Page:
Tire Materials Testing for Harsh Environments

The tires used in modern automobiles are fabricated from advanced materials and use systems designed to take into account the full range of a tire’s operating conditions. The tread compound is made up of various materials and includes additives that help to balance such factors as wear rate, traction, strength, noise, ride quality, and rolling resistance.

These additives are important as while some materials will improve some aspects of the ride, this will come at the expense of others. Finding the right balance and optimizing the properties is crucial. The mechanical properties of the tread compound have a strong relationship with temperature, keeping the proper operational range of the tire over a small temperature window.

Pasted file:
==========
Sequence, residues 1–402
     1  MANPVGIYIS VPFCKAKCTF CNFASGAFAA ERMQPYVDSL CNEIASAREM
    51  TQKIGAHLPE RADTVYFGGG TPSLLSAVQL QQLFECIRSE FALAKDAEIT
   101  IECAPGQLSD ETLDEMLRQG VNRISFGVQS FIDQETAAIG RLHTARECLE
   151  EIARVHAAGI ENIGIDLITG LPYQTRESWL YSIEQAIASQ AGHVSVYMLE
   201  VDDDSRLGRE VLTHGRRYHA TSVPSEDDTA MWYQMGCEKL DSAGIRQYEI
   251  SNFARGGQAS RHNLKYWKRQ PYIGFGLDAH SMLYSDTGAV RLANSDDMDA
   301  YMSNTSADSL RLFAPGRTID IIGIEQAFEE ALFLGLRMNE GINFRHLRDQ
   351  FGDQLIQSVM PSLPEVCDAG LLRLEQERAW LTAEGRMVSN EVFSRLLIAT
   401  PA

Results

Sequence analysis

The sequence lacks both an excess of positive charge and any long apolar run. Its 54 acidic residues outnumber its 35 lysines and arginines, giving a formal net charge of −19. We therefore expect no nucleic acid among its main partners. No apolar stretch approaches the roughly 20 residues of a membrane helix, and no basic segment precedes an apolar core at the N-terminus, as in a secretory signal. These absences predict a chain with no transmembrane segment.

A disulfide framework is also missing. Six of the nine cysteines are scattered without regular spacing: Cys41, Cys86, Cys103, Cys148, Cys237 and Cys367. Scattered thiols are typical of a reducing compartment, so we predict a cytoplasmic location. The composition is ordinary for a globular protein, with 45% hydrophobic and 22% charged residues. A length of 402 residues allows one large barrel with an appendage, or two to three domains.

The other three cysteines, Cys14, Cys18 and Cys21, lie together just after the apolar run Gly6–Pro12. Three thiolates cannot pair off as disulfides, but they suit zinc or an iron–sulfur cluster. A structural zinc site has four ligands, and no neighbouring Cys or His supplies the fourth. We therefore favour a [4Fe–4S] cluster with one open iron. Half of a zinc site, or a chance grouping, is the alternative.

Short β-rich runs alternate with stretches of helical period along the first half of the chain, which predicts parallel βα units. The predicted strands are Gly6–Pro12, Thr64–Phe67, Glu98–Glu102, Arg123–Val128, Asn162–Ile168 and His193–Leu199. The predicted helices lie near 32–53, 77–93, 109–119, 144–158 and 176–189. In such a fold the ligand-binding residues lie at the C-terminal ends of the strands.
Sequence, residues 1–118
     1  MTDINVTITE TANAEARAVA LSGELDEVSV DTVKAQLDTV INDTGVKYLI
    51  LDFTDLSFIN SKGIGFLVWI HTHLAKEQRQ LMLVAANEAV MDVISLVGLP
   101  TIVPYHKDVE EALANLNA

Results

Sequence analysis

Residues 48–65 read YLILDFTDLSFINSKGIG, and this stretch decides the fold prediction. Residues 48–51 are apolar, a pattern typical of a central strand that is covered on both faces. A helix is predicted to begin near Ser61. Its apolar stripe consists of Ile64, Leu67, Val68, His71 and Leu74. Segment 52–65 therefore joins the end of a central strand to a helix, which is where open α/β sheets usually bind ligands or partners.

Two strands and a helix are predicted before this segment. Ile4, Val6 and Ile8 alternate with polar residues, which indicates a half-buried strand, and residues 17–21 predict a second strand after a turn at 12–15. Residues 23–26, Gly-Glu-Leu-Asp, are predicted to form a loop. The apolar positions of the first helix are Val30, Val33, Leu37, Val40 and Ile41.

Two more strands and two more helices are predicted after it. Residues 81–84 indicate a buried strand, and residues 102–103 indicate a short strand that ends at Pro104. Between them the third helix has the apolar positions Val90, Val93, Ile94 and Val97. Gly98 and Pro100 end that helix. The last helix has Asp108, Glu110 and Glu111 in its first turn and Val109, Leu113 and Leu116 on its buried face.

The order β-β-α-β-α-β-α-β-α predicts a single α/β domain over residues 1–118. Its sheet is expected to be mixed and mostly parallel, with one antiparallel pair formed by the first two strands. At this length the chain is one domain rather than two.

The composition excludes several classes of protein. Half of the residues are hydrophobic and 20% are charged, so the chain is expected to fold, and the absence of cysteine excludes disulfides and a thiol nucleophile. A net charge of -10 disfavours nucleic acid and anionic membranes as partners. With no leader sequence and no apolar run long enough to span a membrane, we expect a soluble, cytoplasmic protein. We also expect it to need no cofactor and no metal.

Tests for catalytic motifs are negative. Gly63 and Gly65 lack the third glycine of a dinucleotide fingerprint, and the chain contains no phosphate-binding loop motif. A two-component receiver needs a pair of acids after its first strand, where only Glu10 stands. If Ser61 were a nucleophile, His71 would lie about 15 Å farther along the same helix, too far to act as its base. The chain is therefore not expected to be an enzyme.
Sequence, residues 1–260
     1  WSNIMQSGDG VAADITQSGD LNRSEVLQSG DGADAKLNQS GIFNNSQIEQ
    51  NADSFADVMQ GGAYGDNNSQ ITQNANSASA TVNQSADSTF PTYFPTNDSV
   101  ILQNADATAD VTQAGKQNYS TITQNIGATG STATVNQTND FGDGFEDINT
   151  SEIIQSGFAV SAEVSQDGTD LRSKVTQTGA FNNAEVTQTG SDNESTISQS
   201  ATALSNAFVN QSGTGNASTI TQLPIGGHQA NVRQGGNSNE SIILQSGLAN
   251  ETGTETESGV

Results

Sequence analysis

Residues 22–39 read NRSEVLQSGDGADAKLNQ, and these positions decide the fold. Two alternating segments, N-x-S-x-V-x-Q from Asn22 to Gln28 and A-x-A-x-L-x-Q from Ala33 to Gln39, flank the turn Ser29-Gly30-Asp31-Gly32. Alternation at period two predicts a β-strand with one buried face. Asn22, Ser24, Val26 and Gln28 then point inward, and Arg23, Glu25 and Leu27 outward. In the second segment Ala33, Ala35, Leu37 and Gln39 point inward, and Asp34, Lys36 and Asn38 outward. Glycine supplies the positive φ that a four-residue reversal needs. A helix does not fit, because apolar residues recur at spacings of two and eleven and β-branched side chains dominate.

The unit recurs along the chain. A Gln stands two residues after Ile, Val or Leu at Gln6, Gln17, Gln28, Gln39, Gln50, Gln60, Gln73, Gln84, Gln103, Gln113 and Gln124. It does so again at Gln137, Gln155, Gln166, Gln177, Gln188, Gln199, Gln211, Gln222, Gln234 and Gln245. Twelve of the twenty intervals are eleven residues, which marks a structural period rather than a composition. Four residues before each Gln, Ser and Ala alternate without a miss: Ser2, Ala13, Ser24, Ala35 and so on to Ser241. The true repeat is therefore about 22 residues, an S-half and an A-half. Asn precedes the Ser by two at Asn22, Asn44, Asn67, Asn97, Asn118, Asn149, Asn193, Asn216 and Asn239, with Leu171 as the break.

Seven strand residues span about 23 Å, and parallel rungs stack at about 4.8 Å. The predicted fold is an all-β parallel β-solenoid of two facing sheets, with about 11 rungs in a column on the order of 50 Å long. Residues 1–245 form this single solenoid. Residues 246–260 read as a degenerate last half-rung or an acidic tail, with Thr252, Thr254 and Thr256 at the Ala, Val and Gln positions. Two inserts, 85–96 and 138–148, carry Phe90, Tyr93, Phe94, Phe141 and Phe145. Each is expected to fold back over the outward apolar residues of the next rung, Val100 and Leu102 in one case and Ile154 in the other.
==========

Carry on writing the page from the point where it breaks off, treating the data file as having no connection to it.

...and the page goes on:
It is vital that the local mechanical properties are characterized so that the distribution and impact of filler particles and additives across various areas of the tire’s tread is fully understood. In this article, a winter tire is investigated over its entire operating range, from -60 °C to 40 °C, to measure its glass transition temperature and mechanical behavior.

Tire structure and engineered layers.

Figure 1. Tire structure and engineered layers.

Nanoscale-to-Macroscale

The properties of a tire are controlled at the nanoscale by altering the level of crosslinking of the polymer, and can then be tuned even further by incorporating varying amounts of fillers, such as carbon black, clays, and silicates. In between these size scales, other methods like micro-porosity and compositional gradients may be employed to further enhance the tire’s performance.